In fact, according to a long-term survey of Americans who studied abroad between 1960 and 2007, the non-economic benefits of living outside of their home country were clear. These students were more plugged in to world issues and cultural differences, and were more likely to express a desire to make a difference and work toward the common good. These students were also more likely to pursue graduate work than the national average. Participants overwhelmingly cited their study abroad experience as one of the most influential experience in their lives. Bottom line, the researchers found, “investing in study abroad has both major social and individual benefits, and, thus contributes to the development of not only human capital but social capital, and, thus contributes to the common good, above and beyond the personal private benefits.”

In the short-term, Korea and its citizens may save money by cutting back on English education. But in the long run, Korea risks losing its global competitiveness if it drops its English focus. The government in the 1990s wasn’t wrong to emphasize English as a gateway to the world economy – English is by far the world’s most used language in newspaper publishing, book publishing, international telecommunications, scientific publishing, international trade, mass entertainment, and diplomacy. And, let’s face it, there is no substitute for learning a language than living in a place where it is spoken. This is not to say that English Fever doesn’t have its faults, but cutting back on the chance for students to live and study abroad should not be seen as a blanket solution.

Obviously, costs come into play when students and families make the decision to study abroad. Keeping this in mind, American universities need to reduce tuition for international students (and for domestic students while they’re at it) to help boost return on investment for Korean families. But at the same time, families need to keep in mind that the benefits of study abroad are numerous and lasting, and can reach far beyond each individual student.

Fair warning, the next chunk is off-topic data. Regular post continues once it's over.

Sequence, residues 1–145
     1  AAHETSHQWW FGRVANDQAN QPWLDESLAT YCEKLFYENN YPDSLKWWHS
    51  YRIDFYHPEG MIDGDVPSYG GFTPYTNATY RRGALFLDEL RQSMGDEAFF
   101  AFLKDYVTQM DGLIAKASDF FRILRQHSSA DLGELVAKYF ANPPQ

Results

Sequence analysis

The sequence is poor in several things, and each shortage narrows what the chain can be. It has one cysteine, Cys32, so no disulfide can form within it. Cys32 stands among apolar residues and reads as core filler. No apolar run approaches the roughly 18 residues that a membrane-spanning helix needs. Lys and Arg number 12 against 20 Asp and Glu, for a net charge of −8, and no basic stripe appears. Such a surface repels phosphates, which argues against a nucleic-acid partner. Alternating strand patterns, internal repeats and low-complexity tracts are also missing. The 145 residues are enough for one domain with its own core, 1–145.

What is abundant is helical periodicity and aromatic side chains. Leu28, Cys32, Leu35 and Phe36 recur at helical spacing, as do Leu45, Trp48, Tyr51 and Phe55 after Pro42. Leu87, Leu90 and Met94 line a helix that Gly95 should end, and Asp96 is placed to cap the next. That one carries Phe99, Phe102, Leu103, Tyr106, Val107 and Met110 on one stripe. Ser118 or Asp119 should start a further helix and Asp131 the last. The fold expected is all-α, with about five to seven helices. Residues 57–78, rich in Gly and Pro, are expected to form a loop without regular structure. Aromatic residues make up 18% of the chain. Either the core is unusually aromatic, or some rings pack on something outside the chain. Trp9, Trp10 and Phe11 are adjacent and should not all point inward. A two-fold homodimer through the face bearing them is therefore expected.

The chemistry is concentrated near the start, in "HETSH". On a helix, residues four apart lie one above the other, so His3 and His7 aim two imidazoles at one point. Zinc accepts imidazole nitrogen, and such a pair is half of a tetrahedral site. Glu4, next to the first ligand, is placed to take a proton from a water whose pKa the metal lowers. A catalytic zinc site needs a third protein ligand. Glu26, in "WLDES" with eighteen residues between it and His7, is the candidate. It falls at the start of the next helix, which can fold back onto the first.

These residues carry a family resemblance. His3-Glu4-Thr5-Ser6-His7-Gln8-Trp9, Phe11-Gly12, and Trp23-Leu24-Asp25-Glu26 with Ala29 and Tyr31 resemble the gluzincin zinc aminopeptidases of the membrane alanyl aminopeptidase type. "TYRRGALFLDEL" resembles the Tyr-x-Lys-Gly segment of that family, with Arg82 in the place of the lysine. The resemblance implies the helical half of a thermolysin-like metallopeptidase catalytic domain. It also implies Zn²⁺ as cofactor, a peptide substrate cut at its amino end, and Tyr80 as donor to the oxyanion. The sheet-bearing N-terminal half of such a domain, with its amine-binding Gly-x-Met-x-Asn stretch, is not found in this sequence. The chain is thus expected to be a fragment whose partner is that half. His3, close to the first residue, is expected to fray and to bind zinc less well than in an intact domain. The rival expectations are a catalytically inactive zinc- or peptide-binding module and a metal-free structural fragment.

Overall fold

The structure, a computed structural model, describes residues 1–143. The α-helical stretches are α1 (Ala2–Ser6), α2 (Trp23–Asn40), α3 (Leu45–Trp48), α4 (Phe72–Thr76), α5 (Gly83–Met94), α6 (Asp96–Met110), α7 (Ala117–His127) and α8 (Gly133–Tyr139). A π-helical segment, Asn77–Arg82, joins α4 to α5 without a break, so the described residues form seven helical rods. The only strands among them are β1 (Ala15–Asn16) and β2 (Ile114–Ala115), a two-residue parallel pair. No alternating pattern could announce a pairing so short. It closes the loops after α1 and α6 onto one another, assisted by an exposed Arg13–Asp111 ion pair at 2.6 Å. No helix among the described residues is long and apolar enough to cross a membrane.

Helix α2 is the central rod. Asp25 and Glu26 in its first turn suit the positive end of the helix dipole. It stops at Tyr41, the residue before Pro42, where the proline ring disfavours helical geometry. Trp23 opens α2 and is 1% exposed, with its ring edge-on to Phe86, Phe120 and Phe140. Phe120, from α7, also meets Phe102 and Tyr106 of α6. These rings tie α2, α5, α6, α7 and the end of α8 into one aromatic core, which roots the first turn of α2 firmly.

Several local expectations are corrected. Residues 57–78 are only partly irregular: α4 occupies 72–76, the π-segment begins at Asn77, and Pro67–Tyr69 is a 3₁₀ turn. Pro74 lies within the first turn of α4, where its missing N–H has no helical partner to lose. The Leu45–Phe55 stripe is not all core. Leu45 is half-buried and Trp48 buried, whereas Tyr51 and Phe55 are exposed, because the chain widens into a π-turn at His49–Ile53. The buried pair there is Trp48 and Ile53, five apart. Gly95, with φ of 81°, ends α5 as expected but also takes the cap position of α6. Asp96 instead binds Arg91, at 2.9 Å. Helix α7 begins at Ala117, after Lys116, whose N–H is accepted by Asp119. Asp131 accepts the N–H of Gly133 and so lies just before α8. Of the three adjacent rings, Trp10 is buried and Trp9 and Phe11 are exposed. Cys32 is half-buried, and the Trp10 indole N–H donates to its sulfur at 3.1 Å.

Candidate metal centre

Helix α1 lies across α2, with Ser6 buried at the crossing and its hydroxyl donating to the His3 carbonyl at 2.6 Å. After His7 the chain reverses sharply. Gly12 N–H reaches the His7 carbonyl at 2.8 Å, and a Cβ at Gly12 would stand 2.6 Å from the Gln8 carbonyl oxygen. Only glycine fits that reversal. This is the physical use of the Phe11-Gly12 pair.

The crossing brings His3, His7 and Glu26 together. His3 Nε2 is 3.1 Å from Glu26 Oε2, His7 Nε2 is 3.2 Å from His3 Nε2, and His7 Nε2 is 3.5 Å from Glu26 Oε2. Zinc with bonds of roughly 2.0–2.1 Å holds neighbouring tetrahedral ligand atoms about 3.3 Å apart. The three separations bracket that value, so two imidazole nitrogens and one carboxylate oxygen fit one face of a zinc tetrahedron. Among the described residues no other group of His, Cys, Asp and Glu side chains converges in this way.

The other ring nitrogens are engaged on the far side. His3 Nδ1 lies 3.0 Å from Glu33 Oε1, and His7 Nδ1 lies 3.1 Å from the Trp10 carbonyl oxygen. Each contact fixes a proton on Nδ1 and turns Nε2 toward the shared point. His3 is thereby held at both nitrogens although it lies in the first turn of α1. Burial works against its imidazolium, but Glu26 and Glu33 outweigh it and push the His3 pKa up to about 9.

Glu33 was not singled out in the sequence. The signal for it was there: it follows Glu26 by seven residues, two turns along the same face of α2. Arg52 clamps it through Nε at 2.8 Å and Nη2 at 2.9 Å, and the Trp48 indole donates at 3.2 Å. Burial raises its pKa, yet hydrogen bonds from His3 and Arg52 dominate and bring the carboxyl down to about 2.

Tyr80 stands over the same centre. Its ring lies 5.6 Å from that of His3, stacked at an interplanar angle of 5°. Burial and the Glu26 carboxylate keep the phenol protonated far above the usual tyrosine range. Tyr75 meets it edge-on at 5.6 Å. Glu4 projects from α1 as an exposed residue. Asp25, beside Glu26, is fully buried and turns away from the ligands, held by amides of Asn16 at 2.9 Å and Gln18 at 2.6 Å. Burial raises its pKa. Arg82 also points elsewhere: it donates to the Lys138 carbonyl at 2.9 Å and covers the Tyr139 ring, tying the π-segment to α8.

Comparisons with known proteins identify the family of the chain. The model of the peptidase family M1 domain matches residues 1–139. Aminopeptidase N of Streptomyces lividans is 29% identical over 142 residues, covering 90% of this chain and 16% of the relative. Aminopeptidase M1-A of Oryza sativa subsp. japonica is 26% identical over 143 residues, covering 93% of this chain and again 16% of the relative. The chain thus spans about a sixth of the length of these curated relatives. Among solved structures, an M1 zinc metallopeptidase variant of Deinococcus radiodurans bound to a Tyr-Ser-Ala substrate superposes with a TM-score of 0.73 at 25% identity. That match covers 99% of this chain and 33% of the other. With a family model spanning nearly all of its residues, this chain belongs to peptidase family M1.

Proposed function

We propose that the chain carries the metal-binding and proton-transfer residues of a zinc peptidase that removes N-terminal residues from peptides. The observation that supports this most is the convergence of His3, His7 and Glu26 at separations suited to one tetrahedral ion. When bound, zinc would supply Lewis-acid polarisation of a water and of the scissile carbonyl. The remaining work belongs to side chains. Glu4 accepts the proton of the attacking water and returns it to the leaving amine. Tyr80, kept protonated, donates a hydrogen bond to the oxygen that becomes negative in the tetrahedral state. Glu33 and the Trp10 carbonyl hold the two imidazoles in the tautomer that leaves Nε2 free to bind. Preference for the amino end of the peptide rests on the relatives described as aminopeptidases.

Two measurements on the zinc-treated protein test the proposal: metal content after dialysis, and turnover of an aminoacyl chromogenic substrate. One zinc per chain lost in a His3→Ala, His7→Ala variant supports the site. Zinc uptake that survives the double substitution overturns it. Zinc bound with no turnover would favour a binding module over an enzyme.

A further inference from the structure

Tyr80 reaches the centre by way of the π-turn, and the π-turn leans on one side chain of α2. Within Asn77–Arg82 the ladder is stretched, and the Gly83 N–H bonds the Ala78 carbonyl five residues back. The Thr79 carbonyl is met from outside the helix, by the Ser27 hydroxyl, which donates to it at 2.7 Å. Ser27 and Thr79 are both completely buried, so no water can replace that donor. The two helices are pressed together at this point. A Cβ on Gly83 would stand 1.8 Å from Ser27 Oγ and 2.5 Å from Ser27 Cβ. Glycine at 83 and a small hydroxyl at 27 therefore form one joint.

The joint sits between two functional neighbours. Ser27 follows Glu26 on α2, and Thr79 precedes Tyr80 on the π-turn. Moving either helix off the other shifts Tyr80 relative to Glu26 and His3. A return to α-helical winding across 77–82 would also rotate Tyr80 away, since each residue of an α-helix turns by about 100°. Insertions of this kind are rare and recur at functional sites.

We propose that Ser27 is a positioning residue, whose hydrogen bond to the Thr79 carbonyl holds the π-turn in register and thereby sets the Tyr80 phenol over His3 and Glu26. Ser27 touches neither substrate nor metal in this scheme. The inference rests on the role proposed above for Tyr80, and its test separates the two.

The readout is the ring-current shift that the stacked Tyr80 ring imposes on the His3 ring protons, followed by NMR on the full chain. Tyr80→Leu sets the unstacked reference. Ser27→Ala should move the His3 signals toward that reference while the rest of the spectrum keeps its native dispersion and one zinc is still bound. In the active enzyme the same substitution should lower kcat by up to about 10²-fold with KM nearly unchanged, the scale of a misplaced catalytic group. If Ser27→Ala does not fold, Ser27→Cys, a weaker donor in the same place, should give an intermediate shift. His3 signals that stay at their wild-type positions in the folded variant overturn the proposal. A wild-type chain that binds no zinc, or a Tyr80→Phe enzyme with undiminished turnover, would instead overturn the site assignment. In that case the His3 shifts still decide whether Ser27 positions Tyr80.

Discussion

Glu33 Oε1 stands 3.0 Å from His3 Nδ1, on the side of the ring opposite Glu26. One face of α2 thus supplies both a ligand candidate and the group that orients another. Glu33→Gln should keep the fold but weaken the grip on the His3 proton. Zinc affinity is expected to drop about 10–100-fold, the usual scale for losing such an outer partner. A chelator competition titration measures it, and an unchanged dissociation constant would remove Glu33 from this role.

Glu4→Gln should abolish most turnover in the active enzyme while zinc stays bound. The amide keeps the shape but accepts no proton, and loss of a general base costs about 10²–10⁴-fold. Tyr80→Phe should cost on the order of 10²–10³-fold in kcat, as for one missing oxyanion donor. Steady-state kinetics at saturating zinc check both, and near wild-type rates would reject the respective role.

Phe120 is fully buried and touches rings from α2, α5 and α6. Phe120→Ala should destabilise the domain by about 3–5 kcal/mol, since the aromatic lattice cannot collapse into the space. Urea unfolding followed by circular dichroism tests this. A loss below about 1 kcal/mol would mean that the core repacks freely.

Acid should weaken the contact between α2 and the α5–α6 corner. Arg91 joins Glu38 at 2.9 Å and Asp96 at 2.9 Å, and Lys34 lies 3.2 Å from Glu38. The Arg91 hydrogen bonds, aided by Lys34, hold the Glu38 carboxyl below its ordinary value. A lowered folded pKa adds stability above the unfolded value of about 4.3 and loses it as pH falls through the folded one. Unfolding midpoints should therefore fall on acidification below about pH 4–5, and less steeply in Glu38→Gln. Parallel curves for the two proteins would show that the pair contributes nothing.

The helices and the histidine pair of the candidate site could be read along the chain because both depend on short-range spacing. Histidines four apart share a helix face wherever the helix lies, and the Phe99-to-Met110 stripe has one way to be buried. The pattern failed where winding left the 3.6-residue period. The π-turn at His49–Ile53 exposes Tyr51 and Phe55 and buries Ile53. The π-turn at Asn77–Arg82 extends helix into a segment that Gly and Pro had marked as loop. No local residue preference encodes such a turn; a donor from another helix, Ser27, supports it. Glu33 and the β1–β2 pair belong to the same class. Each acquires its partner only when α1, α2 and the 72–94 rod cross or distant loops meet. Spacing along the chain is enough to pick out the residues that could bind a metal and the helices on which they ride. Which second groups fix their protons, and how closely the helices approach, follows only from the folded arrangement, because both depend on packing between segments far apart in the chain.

Jenna Gibson is the Associate Director for Communication Technology and Programs at the Korea Economic Institute of America. The views expressed here are the author’s alone.

Photo from Michael Cote’s photostream on flickr Creative Commons.

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Do English-Teacher Cuts in Korea Signal a Sea Change?

By Ben Hancock

In the face of budget cuts, the education offices of South Korea’s two most populous regions announced in the second half of last year plans to reduce their roster of native English-speaking teachers in coming years. While the scale of the cutbacks in Seoul and the surrounding Gyeonggi Province is still unclear, the steps raise questions about whether the country as a whole is beginning to move away from an educational model that has exposed millions of Koreans to Westerners and their culture, and vice versa.

What seems to be happening is that Korean education officials are now shifting toward a quality over quantity approach to English education, according to Pak Soon-Yong, a professor of education at Yonsei University. “There is a discussion on the need to revamp English education to meet the needs of the times, one of which is to reestablish the guidelines to accommodate qualified native English teachers,” he says.

That’s a natural shift for Korea to make as a rising economic power with increasing international exposure, says Ben Glickman, who until recently was CEO of the Vancouver-based Footprints Recruiting company that places teachers in Korea and elsewhere. It also roughly follows the arc of Japan’s English-teaching industry — which rose along with its economy and high-tech sector from the 1980s until the mid-1990s, but then evened out in later years.

“Foreigners in Korea are not the novelty that they were 15 or 20 years ago,” Glickman explains. This means there’s less value in just getting kids exposed to a foreign face, especially in urban areas, and more interest in drawing educators who are specially qualified. Even now, many of the teachers hired through the government-run English Program in Korea (EPIK) are recent graduates who are shoved into classrooms with just a week of training, he says. And they’re earning roughly $40,000 a year, making them a target for local councils eager to ease spending.